AUSTIN, Texas (AP) — Republican leaders in the Texas House signed arrest warrants for 52 Democrats who have blocked voting legislation in a standoff that stretched into its 31st day Wednesday, but it was not yet clear whether that threat would be enough to get lawmakers to return to the state Capitol.
Unlike a month ago — when missing Democrats were in Washington, D.C.,and beyond the jurisdiction of Texas officers — some are now holding out from home. Texas House Speaker Dade Phelan, a Republican, said Democrats could be compelled to return under “warrant of arrest if necessary.”
How that process could work was still unclear, even for the Republicans who invoked it. Refusing to attend the legislative sessions is a violation of House rules — a civil offense, not a criminal one.
“People aren’t going to jail,” Republican state Rep. Mayes Middleton said, “but they got to come back to work.”
How soon or even whether law enforcement would round up Democrats also was not clear. But Phelan spokesman Enrique Marquez late Tuesday confirmed reports first published by The Dallas Morning News that the speaker had signed civil arrest warrants for 52 House Democrats.
The move marks a new effort by the GOP to end the protest over elections legislation that began a month ago with 50 Democrats taking private jets to Washington in a dramatic show of resolve to make Texas the front lines of a new national battle over voting rights.
State Rep. Jim Murphy, who leads the Texas House Republican Caucus, said while he has not seen a situation like this play out during his tenure, his understanding is that officers could go to the missing lawmakers and ask them to come back to the state Capitol.
“I am hoping they will come because the warrants have been issued and they don’t want to be arrested,” Murphy said. “It is incredible to me that you have to arrest people to do the job they campaigned for, for which they took an oath of office to uphold the Texas constitution.”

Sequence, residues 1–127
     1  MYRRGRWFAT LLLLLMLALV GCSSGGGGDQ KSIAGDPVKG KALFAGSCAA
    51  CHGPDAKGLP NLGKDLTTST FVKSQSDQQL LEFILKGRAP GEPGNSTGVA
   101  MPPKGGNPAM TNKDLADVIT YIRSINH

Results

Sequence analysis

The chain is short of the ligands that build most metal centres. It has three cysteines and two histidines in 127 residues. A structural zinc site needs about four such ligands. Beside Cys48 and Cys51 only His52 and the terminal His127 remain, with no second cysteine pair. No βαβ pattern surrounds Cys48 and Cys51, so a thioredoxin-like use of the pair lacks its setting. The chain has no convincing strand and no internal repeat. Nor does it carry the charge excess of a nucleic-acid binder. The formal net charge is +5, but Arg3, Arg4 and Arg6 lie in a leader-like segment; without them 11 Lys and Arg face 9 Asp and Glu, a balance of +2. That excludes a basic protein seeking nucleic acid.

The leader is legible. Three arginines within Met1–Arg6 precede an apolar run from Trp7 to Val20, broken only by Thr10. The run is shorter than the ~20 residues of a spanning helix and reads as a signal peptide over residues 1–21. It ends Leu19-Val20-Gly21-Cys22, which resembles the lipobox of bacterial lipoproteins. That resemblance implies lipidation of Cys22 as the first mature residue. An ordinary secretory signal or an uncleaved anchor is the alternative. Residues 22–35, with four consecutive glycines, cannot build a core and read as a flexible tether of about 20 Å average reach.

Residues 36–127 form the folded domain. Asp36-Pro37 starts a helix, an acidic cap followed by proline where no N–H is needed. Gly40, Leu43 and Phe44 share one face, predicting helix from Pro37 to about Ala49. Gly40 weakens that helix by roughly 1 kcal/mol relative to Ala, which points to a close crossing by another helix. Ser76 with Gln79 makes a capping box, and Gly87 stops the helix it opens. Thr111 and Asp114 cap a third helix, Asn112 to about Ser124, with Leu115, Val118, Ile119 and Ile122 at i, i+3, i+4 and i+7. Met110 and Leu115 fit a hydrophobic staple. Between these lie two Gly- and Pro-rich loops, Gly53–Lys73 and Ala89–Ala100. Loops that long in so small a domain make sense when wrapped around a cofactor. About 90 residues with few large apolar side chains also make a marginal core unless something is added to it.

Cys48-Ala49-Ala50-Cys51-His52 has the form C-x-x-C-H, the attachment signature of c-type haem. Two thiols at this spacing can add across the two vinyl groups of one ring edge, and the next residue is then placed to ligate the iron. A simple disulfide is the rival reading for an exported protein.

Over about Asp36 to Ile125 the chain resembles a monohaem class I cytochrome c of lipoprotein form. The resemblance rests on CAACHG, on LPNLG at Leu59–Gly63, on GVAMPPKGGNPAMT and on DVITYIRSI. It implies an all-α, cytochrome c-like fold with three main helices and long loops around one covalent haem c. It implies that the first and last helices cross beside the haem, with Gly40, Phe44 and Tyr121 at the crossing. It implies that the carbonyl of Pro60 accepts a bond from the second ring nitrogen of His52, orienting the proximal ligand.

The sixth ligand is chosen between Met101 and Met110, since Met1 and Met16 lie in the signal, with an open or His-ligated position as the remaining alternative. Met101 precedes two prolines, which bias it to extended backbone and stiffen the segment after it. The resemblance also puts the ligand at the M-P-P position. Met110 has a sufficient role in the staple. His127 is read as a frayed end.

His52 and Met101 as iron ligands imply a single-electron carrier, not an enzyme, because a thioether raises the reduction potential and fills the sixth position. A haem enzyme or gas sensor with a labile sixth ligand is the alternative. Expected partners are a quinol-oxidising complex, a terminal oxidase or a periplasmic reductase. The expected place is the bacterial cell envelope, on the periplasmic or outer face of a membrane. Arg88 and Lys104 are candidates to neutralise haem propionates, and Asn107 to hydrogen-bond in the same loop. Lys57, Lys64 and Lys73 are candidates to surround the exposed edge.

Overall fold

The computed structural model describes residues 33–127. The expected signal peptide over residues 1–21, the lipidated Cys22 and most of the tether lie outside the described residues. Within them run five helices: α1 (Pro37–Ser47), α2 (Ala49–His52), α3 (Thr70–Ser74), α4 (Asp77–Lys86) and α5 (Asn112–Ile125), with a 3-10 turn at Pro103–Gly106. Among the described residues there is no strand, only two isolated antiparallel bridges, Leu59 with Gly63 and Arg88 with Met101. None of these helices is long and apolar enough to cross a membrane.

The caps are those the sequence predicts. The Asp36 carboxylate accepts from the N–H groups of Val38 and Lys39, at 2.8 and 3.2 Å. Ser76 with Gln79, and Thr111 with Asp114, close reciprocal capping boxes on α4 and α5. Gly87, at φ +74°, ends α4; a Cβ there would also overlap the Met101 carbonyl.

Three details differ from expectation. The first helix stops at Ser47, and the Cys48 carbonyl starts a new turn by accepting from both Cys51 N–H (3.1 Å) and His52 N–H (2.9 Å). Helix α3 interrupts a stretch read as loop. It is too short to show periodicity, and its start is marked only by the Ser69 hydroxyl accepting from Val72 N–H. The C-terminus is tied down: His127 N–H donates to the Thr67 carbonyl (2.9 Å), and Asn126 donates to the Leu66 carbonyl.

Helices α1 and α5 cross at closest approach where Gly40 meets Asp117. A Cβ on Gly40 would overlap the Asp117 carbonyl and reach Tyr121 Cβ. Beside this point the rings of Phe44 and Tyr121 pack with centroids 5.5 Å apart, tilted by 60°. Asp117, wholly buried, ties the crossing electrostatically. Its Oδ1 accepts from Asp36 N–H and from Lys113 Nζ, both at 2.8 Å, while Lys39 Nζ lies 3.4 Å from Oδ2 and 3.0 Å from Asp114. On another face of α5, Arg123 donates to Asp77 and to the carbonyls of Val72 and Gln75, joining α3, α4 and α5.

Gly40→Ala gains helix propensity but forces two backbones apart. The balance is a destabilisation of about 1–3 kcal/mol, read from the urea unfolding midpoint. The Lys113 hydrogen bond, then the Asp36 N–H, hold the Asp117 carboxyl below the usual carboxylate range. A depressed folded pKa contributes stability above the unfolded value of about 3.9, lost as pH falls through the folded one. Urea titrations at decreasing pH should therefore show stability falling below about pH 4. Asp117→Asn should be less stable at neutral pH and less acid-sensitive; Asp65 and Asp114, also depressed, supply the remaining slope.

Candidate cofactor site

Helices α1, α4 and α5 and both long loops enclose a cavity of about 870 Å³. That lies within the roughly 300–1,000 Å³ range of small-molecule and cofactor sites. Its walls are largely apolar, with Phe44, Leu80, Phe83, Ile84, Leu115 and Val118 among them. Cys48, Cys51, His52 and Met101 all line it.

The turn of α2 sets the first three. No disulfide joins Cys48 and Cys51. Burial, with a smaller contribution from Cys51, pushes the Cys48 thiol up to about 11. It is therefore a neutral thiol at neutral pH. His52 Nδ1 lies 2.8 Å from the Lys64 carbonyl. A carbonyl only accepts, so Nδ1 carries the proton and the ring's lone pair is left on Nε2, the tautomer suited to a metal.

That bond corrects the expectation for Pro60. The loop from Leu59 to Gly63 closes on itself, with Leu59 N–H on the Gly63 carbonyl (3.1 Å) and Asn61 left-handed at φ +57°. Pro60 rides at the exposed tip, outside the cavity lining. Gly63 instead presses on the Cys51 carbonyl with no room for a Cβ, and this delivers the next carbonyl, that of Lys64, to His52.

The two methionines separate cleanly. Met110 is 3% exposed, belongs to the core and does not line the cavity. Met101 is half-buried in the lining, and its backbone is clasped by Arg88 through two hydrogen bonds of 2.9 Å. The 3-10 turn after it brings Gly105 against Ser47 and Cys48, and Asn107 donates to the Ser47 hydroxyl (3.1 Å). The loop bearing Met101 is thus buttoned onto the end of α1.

The squeeze tactic by Republicans comes as Democrats disagree over how — and when — to retreat. The divisions have spilled in the open as the GOP presses forward witha third attemptto pass voting legislation. With new court losses and attention turning toward Texas’ surging COVID-19 caseloads, pressure is mounting on Democrats who lack the numbers to permanently stop a bill from passing.
As of Tuesday, Republicans needed just five more lawmakers present in the House to move forward with a raft of tweaks and changes to the state’s election code would make it harder — and even, sometimes, legally riskier — to cast a ballot in Texas, which already has some of the most restrictive election laws in the nation.
“We had many heated debates in Washington as we debated our own next steps,” said state Rep. James Talarico, one of a handful of Democrats who returned to the Texas Capitol this week. “I’m going to keep those arguments in private. But I know emotions are rightfully running high everywhere, and it’s been a difficult month.”
Texas is among several states where Republicans have rushed to enact new voting restrictions in response to former President Donald Trump’s false claims that the 2020 election was stolen. The current bill is similar to the ones Democrats blocked last month by going to Washington. It would ban 24-hour polling locations, drive-thru voting and give partisan poll watchers more access, among other things.
It was unclear Wednesday how many Democrats remained in Washington — as was what they accomplished there. They had hoped to push President Joe Biden and other Democrats there to pass federal legislation that would protect voting rights in Texas and beyond.
Some who stayed behind have publicly fumed at a handful of colleagues who returned to the Legislature. Progressive allies are also pressuring wavering Democrats to hold the line and stay away from the Capitol, even if they come back to Texas.
“You threw us under the bus today! Why?” Dallas Democratic state Rep. Ana-Maria Ramos said in a tweet that included a picture of Talarico and other Democrats on the floor of the Texas House.
Acacia Coronado is a corps member for the Associated Press/Report for America Statehouse News Initiative. Report for America is a nonprofit national service program that places journalists in local newsrooms to report on undercovered issues.